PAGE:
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A Guide to Beer Glasses: Serve Your Drink Right


When it comes to drinking beer, having the right beer glass is just as important as the brew itself. There are a lot of people who negate the importance of glassware for beer, they explain that it's all just a marketing campaign, and there is a little truth in that. However, different glassware for different ales has been around for a while now and not just for corporations to make money. The beer is altered as soon as it touches the glass, the taste, the aroma, and the colour all change. Some little and subtle things become much more pronounced. With the right glass, your worst beer might turn out to be the best beer you've ever had. Well, not exactly like that, but it does alter the experience for the better. So, let us talk about the different types of glasses and what beers should you be drinking from them.





You are probably already familiar with this glass if you aren't then you're probably not the legal age to drink. It comes equipped with a handle for easy drinking and the large volume means that you can go without a refill for a longer time. Drinks that go perfectly with a mug are an oatmeal stout, a Scottish ale, Irish dry stout, an American pale ale and the English bitter.



This is another glass which you would be familiar with if you are old enough to drink, as it is a standard in most pubs. It's easy to drink from and holds a lot of beer because of its volume. There are a few variations of it, but it is mostly used for drinking a double or imperial stout and IPA, brown ale and porter.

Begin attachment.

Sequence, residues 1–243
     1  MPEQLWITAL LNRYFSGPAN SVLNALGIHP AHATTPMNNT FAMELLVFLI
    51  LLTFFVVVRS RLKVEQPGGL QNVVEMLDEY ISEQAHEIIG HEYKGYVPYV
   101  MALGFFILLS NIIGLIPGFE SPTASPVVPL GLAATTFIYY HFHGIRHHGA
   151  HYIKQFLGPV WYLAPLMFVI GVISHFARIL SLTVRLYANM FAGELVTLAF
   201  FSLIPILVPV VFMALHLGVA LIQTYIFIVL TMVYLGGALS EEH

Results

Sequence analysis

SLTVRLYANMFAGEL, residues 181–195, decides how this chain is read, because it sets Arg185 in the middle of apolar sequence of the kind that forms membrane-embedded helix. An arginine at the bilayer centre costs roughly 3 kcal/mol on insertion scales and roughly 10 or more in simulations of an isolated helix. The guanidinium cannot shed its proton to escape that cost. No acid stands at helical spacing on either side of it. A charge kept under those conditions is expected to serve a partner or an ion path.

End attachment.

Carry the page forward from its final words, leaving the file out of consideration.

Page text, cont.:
Also know as 'Pokal' this is a slender, round and tall glass with a rounded, narrow bottom that has a flat base. There is a slight difference between the pilsner and the pokal, as the pokal has a stem and is mostly popular in Europe. As the name suggests this kind of beer glass is usually used for serving pilsners, but some American lagers and blonde ales can be served.



The name of this traditional German beer glass can be translated to 'stick' and it does resemble one. These glasses are similar to the pilsners and the pints, but they are made in a shape which helps to preserve the aroma of your brew. It allows for a much tighter concentration of volatiles and usually lambic, rye beer, gueuze and bock beers are served in this glassware.


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